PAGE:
Although it will be the first time a Thai team will play in a tournament as big as the Women's World Cup, Nualphan promises that Thailand will not be there just for "decoration".

"We may be new, but we are also experienced. The team will practice as much as possible. We will have a nutritionist to help them eat better, and a professional athlete to help them perform better. It will be a lot of work for us all, but we are ready to do this, to create another chapter in the history of Thai sport," she smiled confidently.

Photos: Pattanapong Hirunard

Thailand's star striker on the at-times crippling weight of carrying the country's expectations on her shoulders

It was the 28-year-old footballer's two goals in the monumental 2-1 victory against Vietnam that earned the team the fifth and final place offered to Asian teams in the 2015 Women's World Cup.

"It was sheer madness, because we were playing on their turf," said Kanjana about the May 21 match in Vietnam. "Their fans were everywhere, and it was quite stressful. I suppose it must have been even more stressful for the Vietnamese team to carry such expectation from the fans."

An extra addition to that tremendous pressure, Kanjana said, was the fact that the Thai and Vietnamese teams have been major competitors for years, particularly since 2009, when the Thai team had their dream of winning the SEA Games gold medal snatched away by their old rivals on penalties in the final.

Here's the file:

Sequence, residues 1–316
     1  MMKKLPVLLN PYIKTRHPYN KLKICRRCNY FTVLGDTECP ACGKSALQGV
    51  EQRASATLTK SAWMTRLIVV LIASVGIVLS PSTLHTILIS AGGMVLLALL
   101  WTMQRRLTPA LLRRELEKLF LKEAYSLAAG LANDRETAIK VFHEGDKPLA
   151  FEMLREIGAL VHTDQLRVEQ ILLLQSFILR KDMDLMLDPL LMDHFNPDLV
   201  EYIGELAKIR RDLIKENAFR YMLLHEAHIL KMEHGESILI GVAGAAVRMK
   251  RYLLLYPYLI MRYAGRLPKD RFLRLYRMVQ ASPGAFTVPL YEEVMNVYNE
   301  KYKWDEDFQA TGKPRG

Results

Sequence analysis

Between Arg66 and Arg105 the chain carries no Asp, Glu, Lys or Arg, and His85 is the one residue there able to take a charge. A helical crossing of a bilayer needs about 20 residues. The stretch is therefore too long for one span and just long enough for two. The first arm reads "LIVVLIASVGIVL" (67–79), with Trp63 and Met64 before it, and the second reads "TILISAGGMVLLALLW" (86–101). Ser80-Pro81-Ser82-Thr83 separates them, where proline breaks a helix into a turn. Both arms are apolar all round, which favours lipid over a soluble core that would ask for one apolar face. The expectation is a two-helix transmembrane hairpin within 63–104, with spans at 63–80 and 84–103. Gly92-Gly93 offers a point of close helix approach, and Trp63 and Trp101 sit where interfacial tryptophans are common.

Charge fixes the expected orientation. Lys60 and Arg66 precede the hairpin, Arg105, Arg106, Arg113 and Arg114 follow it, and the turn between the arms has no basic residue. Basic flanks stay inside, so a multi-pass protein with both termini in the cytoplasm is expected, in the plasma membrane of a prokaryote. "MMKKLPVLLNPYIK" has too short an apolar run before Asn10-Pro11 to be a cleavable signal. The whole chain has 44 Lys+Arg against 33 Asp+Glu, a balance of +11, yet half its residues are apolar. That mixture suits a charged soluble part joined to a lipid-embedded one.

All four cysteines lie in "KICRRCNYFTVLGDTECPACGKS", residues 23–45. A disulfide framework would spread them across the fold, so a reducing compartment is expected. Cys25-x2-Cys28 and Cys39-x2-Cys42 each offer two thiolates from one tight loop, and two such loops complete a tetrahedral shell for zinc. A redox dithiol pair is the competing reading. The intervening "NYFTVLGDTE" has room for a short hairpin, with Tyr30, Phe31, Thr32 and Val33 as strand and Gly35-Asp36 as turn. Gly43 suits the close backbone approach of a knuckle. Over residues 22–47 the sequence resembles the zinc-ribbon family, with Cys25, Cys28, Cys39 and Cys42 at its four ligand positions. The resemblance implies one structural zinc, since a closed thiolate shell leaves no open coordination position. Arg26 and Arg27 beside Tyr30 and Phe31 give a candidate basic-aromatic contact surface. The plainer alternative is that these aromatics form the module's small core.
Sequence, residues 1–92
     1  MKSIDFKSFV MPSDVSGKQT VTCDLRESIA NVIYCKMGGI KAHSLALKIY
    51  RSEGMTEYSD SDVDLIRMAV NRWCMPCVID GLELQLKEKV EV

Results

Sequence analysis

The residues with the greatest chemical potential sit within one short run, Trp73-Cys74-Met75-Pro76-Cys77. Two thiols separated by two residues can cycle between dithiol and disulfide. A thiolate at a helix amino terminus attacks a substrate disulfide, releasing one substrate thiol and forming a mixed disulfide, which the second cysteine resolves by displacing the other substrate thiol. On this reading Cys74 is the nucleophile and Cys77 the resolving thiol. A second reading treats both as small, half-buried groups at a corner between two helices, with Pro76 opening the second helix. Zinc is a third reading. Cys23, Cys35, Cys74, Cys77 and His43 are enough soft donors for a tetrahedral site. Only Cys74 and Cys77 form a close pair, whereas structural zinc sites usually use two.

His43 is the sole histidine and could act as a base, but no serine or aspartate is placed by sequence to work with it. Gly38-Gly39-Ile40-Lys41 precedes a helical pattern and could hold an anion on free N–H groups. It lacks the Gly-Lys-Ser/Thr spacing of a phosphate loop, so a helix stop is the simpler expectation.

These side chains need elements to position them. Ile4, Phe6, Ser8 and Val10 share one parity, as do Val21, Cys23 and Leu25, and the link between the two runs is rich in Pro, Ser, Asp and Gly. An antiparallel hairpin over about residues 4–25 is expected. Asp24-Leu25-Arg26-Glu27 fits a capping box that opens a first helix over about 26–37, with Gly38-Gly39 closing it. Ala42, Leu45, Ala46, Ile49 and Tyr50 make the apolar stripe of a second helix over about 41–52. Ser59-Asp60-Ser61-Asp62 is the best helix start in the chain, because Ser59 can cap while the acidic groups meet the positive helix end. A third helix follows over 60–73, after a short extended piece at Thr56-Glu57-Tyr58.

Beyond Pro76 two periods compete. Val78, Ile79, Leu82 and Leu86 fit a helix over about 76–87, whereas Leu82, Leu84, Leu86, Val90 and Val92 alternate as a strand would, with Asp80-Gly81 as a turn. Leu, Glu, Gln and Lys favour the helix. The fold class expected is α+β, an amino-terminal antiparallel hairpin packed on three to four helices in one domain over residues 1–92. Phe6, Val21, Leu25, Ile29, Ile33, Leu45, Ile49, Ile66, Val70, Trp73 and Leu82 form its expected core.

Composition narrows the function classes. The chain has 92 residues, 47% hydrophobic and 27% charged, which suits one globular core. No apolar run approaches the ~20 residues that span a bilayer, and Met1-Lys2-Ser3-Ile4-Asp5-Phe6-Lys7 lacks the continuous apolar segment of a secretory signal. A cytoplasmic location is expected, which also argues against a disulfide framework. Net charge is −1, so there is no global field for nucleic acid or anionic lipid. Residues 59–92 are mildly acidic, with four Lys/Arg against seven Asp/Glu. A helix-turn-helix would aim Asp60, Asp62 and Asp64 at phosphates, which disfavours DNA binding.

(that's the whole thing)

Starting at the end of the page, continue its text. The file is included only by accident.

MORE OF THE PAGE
The Thai team did manage to win the SEA Games gold medal in Mandalay last year, however, which led many to expect a positive result at the AFC Women's Asian Cup 2014. Kanjana said that she and her teammates were both hopeful and intimidated at the same time.

"We just wanted to do our best, and secretly hoped that we would triumph, and we succeeded," said Kanjana, who always credits the victory to her team, and in fact hardly mentions that it was she who scored both goals.

Kanjana began playing football because she felt it was a challenging sport; one where her solid physique and athletic background was to later come in handy and also come under scrutiny. While many see football as a male-only sport, Kanjana never saw it that way.

"I just enjoyed playing it. I don't think sport has any gender. It made me happy, so I did it; simple as that," she said.

Life as a successful national football player is tough, but it is a sacrifice that Kanjana was, and still is, willing to make. She has left her family and friends in her hometown in Surin province to come to Bangkok and now dedicates all of her waking hours to getting fit and practising. As a teen, practising took up more than half of her school time, and so, she admits, it was quite a struggle to finally graduate.